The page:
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I am committed to fighting for cleaner air and water, the preservation of our natural resources, and environmental policies that provide for the fair and equal treatment of people of all races and socio-economic classes. There are no second chances to save the environment.

President Theodore Roosevelt told Congress in 1907, "The conservation of our natural resources and their proper use constitute the fundamental problem which underlies almost every other problem of our national life." That message still rings true today. Throughout my career in the House of Representatives, I have continually posted one of the most pro-environmental voting records in Congress. I will always fight for the future of our environment. The health, safety, and well-being of America's children are depending on it.

Everglades Restoration

As Co-Chairman of the Congressional Everglades Caucus, I continue to lead efforts in Congress to secure federal funding for the implementation of the historic Everglades restoration effort. Every dollar invested in the Everglades will return four dollars back to our community, and the master restoration plan is projected to create jobs for more than 442,000 individuals over the next 50 years. The Everglades are also the source for much of South Florida’s drinking water. We have a responsibility to the Everglades, to ourselves and to our children to ensure restoration continues.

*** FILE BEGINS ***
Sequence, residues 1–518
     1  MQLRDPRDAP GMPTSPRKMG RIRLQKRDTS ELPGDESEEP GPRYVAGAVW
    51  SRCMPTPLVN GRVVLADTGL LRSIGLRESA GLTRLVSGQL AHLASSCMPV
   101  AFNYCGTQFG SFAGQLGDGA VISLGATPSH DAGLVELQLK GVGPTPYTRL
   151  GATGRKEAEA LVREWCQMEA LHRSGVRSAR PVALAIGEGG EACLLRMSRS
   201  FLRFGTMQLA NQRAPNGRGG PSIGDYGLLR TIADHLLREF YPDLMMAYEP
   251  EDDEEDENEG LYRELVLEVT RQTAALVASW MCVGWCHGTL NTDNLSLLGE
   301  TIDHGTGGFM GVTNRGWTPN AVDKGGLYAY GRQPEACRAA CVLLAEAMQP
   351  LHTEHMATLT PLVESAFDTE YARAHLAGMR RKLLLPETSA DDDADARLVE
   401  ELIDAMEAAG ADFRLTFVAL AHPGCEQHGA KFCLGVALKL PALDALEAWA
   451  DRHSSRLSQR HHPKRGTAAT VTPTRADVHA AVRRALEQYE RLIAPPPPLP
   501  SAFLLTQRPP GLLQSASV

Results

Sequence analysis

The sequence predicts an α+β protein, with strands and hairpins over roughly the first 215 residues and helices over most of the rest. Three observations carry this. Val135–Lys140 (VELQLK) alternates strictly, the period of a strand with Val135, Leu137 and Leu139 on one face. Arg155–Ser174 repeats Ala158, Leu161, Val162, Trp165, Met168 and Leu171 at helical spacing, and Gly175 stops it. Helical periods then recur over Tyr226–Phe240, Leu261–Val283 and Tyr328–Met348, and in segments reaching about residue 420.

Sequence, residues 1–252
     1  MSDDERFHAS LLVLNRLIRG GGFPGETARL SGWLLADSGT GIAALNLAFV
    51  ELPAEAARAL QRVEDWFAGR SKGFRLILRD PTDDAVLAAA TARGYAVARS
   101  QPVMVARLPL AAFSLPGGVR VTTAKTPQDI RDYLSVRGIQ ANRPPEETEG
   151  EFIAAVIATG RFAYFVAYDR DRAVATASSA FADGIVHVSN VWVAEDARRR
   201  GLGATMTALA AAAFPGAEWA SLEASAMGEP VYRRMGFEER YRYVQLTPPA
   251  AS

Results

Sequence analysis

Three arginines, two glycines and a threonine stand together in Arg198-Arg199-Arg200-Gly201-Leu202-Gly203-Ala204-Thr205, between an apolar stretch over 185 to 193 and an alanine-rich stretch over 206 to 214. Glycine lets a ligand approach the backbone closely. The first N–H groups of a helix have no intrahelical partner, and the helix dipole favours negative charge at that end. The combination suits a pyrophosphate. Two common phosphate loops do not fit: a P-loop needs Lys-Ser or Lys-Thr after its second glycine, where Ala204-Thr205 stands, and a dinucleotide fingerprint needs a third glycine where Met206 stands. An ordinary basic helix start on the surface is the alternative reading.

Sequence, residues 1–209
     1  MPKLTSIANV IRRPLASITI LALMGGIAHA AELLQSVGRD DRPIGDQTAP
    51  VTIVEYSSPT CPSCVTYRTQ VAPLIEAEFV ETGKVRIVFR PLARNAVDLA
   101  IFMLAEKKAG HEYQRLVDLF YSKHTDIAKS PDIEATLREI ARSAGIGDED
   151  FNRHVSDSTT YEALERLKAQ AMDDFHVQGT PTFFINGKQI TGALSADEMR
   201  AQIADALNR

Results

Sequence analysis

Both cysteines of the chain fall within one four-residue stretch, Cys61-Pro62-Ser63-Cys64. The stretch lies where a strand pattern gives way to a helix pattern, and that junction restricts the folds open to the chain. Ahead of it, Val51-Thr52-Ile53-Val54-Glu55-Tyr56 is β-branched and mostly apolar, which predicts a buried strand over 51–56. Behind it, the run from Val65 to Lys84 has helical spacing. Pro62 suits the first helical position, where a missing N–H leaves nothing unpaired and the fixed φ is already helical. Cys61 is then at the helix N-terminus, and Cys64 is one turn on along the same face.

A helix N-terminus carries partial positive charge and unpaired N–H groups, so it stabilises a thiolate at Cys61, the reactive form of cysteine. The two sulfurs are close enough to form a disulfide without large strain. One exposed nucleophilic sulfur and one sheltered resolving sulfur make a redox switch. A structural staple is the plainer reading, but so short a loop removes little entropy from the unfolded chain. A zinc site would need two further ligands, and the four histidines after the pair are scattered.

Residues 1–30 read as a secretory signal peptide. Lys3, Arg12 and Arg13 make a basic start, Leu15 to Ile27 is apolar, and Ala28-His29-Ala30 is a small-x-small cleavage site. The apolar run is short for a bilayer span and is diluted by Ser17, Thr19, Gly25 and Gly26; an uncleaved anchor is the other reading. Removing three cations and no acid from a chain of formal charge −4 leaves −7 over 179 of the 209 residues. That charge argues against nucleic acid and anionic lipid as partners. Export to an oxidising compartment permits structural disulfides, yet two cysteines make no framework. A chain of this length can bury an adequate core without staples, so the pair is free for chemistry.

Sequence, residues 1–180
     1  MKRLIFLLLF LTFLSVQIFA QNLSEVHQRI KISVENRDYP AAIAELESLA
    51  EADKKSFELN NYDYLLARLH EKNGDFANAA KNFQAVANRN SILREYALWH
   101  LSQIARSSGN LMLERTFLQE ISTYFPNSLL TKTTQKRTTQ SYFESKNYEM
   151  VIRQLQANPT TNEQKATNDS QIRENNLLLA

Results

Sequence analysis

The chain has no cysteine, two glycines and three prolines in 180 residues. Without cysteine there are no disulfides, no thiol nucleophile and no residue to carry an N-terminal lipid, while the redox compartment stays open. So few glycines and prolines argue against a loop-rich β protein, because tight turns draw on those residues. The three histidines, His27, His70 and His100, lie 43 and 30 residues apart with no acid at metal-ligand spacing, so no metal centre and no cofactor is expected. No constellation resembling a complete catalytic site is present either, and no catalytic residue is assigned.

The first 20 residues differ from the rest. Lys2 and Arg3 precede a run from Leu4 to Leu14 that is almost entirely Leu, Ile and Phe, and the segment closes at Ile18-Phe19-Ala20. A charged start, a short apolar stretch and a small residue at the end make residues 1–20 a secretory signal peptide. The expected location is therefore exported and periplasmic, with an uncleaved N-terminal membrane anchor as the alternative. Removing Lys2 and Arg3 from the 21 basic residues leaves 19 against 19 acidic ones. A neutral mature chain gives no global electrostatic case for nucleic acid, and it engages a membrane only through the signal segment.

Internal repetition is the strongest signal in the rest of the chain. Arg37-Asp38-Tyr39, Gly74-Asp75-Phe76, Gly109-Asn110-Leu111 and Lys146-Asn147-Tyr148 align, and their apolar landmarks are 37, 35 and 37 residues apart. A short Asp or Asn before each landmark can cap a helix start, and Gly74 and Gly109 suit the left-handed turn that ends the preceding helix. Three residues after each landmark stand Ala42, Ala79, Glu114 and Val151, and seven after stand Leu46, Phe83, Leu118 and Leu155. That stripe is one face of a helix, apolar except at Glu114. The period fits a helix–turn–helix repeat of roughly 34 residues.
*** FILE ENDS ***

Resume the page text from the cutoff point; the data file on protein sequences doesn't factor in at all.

Environmental Justice

More than 70 percent of African Americans and Latinos, compared to only 58 percent of non-minority individuals, live in counties that regularly fail to meet current clean air standards. In these areas, a disproportionate number of citizens are suffering from cancer, asthma, toxin poisoning and other ailments related to the environment.   I will continue to fight to ensure minority communities do not unfairly carry a disproportionate share of this country’s environmental burden.

Climate Change

No country is immune to climate change, and no country can tackle the challenges posed by climate change alone. As a leader in the international community, the United States must lead the way on how the world should respond to the growing threat posed by climate change. This threat is of particular concern to Floridians. Increasingly frequent and more powerful hurricanes greatly harm our communities, costing billions of dollars and, tragically, taking lives that can never be replaced.  As climate change melts glaciers, we can expect a rise in sea level, a phenomenon occurring in many parts of the world.  A rise in sea level of a few feet – possible by the end of this century – would devastate our coastal communities and the Everglades, and with over 1,800 miles of coastline, Florida is heavily dependent on the health and stability of the marine ecology.  

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